“Menopause the Musical” — just the title of Beef & Boards Dinner Theatre’s latest production no doubt evokes a response from audiences, but at least there’s no mystery about what you’re getting yourself into when you buy a ticket.
The show is every bit as silly and ridiculous as you’d expect of a musical based on women’s worst rite of passage — and light-hearted enough you don’t feel badly laughing along at others’ misery.
There’s no real storyline; the show exists essentially as a song cycle, with recognizable numbers from the Baby Boomer era parodied to include lyrics about hot flashes, night sweats and more.
“Puff, my God, I’m draggin,'” was among the most clever tunes.
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The entirety of the show takes place in a department store, with the changing of scenes signaled by little more than a blackout accompanied by a disembodied voice announcing the ladies’ arrival at the next floor.
With only a four-person cast, ensemble chemistry is a must, especially considering the entire cast is on stage for the majority of the 90-minute show.
The material, with mostly sing-along-type numbers with little meaningful dialogue and no character development, doesn’t really encourage standout performances, a weakness of the show.
But Beef & Boards’ lineup packs at least one powerhouse performer — Donna J. Huntley steals the show nearly every time she’s on stage. As the otherwise unnamed “professional woman,” Huntley shines, both vocally and in stage presence.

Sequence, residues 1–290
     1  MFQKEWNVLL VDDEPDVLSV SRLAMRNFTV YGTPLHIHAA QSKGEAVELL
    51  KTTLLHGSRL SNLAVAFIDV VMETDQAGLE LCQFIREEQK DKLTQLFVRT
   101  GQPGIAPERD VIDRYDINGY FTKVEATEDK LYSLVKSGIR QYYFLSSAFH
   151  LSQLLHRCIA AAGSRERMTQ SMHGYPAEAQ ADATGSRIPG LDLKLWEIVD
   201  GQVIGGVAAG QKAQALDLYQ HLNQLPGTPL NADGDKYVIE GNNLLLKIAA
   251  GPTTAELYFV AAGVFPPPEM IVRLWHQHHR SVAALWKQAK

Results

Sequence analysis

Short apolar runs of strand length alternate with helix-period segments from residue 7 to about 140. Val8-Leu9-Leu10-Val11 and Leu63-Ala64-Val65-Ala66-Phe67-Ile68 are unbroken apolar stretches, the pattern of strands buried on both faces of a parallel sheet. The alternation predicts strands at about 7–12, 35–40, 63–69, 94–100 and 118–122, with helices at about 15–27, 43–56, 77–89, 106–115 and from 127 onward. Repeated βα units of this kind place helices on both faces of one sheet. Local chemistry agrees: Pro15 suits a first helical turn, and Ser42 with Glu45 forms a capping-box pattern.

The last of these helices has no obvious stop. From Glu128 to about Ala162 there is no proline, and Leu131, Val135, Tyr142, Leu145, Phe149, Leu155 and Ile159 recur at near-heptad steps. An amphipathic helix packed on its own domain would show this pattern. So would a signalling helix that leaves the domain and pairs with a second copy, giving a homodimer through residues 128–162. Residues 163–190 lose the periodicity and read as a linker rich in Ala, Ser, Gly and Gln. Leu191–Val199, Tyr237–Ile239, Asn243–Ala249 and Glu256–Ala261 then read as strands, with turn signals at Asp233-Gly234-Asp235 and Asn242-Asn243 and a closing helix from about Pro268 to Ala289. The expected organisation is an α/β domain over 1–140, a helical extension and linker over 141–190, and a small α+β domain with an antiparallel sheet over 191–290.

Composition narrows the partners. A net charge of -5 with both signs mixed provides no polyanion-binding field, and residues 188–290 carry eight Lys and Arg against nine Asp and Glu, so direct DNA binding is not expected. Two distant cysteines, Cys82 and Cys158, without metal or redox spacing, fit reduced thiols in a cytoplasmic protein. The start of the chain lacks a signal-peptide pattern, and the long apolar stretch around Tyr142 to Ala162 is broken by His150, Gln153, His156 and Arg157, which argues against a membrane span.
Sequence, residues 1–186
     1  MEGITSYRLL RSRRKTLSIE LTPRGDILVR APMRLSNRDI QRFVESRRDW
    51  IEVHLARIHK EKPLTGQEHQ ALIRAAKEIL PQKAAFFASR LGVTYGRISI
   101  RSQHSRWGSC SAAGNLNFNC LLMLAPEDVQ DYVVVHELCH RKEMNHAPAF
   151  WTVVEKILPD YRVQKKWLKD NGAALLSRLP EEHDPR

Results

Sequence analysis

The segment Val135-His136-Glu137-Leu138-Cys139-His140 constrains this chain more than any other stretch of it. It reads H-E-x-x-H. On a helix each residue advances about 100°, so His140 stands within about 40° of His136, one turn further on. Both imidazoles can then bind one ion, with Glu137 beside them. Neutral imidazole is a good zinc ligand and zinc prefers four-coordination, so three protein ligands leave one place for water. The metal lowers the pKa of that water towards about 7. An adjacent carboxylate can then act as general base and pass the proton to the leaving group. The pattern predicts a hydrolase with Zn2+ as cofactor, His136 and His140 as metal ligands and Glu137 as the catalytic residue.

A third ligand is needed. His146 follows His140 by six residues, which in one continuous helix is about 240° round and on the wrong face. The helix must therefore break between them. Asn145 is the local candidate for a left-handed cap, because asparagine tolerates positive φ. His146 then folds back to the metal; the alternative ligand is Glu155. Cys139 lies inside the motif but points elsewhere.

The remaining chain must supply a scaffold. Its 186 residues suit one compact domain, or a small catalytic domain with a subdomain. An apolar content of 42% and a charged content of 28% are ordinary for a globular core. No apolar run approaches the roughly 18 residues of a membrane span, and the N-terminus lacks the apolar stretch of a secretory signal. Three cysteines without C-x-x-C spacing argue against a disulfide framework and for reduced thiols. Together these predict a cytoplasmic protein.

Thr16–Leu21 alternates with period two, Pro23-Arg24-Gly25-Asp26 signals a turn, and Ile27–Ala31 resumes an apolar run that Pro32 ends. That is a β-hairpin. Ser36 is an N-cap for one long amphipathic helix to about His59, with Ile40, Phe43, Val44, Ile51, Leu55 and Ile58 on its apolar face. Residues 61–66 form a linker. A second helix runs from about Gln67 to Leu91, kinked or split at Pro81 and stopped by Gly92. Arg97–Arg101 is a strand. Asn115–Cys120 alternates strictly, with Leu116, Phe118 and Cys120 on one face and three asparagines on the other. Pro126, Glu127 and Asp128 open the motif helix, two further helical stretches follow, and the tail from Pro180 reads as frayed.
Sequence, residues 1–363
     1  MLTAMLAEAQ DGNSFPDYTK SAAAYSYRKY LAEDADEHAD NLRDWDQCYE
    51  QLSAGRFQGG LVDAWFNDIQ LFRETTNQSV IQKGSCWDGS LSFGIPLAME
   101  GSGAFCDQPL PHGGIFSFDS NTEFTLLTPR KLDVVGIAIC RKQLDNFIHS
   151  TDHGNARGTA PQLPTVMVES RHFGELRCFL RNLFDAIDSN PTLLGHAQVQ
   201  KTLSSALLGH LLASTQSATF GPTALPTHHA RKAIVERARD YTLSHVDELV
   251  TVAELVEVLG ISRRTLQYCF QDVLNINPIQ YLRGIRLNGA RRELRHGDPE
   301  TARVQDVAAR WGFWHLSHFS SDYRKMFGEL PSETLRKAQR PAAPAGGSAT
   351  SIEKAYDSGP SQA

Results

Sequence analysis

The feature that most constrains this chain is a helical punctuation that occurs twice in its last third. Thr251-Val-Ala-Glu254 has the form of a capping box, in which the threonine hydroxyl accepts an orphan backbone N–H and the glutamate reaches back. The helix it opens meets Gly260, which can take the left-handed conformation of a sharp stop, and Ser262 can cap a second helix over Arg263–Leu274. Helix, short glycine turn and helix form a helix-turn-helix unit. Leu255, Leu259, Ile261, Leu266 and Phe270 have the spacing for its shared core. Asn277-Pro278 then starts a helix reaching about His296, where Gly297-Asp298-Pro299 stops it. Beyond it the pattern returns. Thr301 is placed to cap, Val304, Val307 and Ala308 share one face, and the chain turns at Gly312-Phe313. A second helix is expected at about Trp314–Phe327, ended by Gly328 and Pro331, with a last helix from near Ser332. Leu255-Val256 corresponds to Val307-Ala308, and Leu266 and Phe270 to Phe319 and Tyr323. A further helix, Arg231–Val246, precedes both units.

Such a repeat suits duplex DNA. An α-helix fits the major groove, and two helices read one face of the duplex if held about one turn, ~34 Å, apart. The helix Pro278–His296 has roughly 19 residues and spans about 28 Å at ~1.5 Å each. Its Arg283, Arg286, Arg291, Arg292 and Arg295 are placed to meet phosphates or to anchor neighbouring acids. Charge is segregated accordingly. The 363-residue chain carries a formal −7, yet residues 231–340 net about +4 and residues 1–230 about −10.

Still, it’s clear the cast has fun with the show and one another, with some of the women having played various roles in the production as it’s toured the country over the years.
And there’s room for audience participation, too. The cast makes several sweeps through the crowd — so if you’re playful, you’ll get an even better show. They pick on women and men alike, with the latter interactions being some of the most amusing of the night.
And a call-out for anyone to join them on stage awaits you at the end of the show, which makes for an upbeat finish.
“Menopause the Musical” isn’t thought-provoking or revealing; it’s fun for fun’s sake, and if you go into the performance with the right attitude, you’ll enjoy the show.